Nobody’s perfect

Every time I see this story on the tube, I tear up a bit. Not only did Joyce assume complete responsibility and take his lumps like a man, but the aggrieved pitcher, Galarraga, was unbelievably gracious in response. He almost felt sorry for the umpire. He didn’t cry like a baby. He didn’t bitterly complain. He acted like an adult, like a mature human being, like a grown-up. How rare in this world!

We live in a world where we build up heroes just so we can tear them down.

Tiger Woods is a perfect example of imperfection exposed. He put himself on a pedestal: the perfect golfer, the perfect family man, the perfect husband, only to have his infidelities eat away at him inside. Tiger wasn’t the first or last unfaithful husband, but the special relish that the media took in destroying his reputation was a wonder to behold.

Mark Souder, the Republican congressman from Indiana (and by all accounts, a perfectly fine fellow), resigned abruptly from the House, because he was unfaithful to his wife. His stellar career destroyed because he was not perfect. Of course, nobody is.

The marriage of Al and Tipper Gore, seen from the outside as the perfect political union, ends after 40 years. Official Washington is crestfallen, but at the same time, it notes the ultimate irony. This perfect marriage can’t outlast the obviously less-than-perfect relationship between Bill and Hillary Clinton. But in retrospect, can you imagine being married to Al Gore for 10 years, let alone 40? The problem with big Al is he still thinks he is perfect. In actuality, he is the perfect bore.

The same fall is awaiting Barack Obama. Obama’s presidential campaign was unique in that he didn’t hide his imperfections. He admitted he snorted cocaine — did so in his own autobiography. By putting his flaws in plain sight, he was able to hide them. And now he has been caught in the perfection trap. Everyone expects him to be perfect. And everyone is looking to bring him down a notch.

Bill Clinton was the last president who really got away with not being perfect. You could just tell that he had no pretense of perfection. He was the perfect rogue, which gave him plenty of running room to be imperfect. That is the only way you can explain how he survived having an affair in the Oval Office with one of his interns, which is a firing offense in most corporate boardrooms.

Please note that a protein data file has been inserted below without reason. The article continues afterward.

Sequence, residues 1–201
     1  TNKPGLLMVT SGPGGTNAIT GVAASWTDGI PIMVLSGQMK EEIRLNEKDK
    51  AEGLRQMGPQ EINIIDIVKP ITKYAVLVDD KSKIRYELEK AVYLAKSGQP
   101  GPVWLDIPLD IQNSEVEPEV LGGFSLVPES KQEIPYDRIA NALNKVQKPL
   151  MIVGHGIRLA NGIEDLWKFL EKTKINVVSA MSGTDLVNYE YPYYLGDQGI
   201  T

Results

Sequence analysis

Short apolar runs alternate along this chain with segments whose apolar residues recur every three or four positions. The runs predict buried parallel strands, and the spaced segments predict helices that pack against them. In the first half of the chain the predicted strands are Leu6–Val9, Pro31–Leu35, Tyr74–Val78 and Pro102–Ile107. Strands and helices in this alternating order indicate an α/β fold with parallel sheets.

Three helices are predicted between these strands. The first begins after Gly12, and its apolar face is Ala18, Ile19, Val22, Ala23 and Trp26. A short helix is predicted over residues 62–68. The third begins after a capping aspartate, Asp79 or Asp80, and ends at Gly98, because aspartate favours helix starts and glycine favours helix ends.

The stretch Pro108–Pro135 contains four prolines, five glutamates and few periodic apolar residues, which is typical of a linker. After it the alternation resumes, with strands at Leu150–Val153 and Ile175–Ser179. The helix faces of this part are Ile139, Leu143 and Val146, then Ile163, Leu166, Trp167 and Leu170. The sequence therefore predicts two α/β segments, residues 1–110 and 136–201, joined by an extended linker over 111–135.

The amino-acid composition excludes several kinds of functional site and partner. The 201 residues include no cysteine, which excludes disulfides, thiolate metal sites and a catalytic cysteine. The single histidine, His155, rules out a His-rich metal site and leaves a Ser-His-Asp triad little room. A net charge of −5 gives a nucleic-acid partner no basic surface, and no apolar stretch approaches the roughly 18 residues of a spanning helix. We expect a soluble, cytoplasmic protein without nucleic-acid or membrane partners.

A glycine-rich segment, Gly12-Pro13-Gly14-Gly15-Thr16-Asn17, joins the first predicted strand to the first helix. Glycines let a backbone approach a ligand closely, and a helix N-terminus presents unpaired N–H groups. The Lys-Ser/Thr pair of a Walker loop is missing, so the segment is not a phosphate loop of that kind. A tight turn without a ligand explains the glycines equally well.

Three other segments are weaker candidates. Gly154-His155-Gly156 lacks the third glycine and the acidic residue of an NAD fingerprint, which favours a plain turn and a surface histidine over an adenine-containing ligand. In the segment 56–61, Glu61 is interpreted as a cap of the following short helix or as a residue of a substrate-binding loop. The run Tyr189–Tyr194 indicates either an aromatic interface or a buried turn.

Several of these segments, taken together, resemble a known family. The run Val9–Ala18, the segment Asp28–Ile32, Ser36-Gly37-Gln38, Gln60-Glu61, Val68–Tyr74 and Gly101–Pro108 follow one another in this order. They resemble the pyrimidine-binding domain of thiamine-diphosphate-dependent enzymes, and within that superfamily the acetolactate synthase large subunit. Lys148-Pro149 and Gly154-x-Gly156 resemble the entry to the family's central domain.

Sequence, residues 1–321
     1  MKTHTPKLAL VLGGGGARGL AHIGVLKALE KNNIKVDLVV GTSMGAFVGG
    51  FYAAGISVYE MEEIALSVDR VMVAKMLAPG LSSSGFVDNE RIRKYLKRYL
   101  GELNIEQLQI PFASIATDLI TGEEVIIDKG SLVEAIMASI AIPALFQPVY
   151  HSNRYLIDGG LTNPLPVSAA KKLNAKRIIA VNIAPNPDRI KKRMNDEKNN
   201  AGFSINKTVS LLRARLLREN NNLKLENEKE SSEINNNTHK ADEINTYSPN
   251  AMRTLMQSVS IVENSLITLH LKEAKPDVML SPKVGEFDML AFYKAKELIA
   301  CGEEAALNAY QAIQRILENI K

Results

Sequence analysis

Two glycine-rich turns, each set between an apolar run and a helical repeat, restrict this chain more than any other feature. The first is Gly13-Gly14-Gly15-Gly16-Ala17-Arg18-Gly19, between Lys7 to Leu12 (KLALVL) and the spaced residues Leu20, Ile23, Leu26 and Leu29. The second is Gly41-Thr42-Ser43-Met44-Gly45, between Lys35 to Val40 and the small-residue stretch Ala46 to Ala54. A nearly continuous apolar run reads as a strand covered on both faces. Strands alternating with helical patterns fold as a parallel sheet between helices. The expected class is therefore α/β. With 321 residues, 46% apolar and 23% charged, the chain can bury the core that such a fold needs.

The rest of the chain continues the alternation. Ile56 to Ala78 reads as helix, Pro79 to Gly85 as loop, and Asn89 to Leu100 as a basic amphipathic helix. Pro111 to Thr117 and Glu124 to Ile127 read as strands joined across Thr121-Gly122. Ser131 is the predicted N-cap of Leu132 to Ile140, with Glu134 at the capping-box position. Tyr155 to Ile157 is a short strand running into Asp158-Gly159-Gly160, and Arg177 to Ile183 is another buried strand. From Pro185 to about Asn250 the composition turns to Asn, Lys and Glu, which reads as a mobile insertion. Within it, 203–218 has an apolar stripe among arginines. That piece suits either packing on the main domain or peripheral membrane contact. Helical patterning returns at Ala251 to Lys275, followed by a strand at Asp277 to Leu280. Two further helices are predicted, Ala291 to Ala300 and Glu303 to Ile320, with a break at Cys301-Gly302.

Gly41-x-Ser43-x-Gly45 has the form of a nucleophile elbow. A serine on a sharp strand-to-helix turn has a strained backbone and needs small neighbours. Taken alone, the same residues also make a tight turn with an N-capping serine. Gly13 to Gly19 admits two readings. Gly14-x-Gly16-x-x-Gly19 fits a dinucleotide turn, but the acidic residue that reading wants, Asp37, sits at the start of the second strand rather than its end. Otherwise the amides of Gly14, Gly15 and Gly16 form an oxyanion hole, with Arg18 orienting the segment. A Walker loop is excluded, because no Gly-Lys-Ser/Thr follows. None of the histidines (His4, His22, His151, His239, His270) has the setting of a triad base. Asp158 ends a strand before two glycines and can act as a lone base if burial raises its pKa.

Unlike Clinton, Newt Gingrich, Clinton’s Republican twin, consistently tried to convince people he was perfect, but luckily for Newt, nobody took him seriously. His history was too apparent for all to see. But that didn’t stop Newt from going after Clinton for his infidelities, just as Newt was engaging in his own. Gingrich believed (and believes) that the best defense is a very strong offense. So he attacks the imperfections in others, while ignoring his own. Well, it’s a strategy.

Politicians, sports figures and Hollywood stars all too often live in a fantasy world of their own making. And that fantasy usually revolves around the idea of their own perfection. Now, everybody who is in any way self-aware knows that human perfection is impossible, but that doesn’t stop these folks from letting the media print the myth of their perfection, and some even start to believe the hype. But that is a very dangerous trap.

The refreshing thing about the umpire Joyce is he didn’t hide his screw-up, he didn’t try to spin his way out of it, he didn’t try to blame others. And the refreshing thing about the pitcher Galarraga is that he accepted the imperfection of Mr. Joyce as being an essential part of life. Nobody is perfect, and the more we can all start to acknowledge that fact, the better off we will all be.


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